Community Addresses UK Parliamentarians
In a half-day session in Westminster, members of the Free Software community gathered to inform British parliamentarians and civil servants of how Open Source software may impact the public sector and British industry in future.
Notable contributions to the Westminster eForum were made by Alan Cox of Red Hat, Tristan Nitot of Mozilla Europe, Mark Taylor of the Open Source Consortium and jounalist and author Glyn Moody. Nick McGrath of Microsoft was also present in order to give the proprietory perspective.
The forum had been split into two sessions one investigating the potential impact of Open Source in both the public and private sector and investigating the future of Open Source. In the first of these sessions, chaired by Dr. John Pugh MP, presentations were made by Specsavers and Alfresco detailing the success of these organisations in both using and developing Open Source. Michel Kahn, CIO of Specsavers, cited the use of Open Source as a crucial element in the success of his organisation's rapid groth across Europe in the last few years.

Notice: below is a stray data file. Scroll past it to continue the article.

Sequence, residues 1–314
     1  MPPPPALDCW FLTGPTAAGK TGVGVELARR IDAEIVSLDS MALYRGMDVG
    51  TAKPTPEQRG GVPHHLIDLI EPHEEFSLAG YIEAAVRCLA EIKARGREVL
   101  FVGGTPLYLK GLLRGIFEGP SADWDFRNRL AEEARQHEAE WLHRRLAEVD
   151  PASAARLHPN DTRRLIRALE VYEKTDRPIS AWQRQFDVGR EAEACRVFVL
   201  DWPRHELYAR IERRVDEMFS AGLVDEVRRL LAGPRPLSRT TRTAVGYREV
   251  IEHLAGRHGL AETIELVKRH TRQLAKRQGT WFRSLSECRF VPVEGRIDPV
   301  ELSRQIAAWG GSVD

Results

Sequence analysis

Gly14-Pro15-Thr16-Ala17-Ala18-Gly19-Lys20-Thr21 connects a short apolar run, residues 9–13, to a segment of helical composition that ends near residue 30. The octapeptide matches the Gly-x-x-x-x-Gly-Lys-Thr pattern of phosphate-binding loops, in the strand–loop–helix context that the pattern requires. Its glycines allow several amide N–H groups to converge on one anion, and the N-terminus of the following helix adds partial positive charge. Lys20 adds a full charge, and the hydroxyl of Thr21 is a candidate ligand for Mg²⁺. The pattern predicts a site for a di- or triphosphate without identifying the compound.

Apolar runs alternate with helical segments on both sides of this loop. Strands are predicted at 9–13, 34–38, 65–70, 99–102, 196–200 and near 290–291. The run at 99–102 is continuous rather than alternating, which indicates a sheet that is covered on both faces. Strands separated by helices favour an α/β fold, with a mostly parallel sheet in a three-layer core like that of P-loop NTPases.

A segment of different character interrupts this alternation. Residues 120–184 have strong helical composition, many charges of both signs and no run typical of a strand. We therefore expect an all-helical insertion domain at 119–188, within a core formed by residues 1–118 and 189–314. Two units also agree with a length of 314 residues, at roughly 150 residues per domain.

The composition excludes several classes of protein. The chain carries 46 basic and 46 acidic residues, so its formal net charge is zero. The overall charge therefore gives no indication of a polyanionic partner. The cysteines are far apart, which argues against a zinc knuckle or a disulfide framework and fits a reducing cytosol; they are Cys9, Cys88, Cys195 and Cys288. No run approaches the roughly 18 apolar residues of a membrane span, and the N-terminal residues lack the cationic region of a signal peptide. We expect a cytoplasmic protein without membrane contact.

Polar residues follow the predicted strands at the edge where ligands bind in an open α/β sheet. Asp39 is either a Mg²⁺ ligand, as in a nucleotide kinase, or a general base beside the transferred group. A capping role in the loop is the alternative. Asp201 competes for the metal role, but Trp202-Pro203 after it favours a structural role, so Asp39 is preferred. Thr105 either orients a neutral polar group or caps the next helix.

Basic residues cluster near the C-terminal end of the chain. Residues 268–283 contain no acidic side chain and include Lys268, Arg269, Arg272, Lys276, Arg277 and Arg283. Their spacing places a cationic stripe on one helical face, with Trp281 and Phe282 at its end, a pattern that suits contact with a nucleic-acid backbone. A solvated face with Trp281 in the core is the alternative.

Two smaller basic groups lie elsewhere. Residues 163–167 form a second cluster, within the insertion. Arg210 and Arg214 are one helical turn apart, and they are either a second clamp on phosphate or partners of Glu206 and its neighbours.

When it came to use of Open Source in the public sector,however, most speakers were positive about the potential for Open Source but were concerned that the UK public sector's overly conservative approach to software procurement and development may continue to be a barrier to adoption.
Much of the future impact session looked at how as Open Source adoption grows in the UK we shall see a rise in service based companies offering all the deployment, support and training required to make adoption viable. Glyn Moody concluded this session by making explaining that the biggest development in perception of Open Source occur when the public sector realises that Open Source is a social phenomenon advocating collaboration.
The meeting, as a whole, was very informative and should have been very useful to the senior parliamentarians present. However, the content and audience were both tipped in favour of Open Source, making the meeting unbalanced. As a result, the meeting was more successful in displaying the passion of the UK's Free Software community than it was at getting across a healthy balance of the facts.
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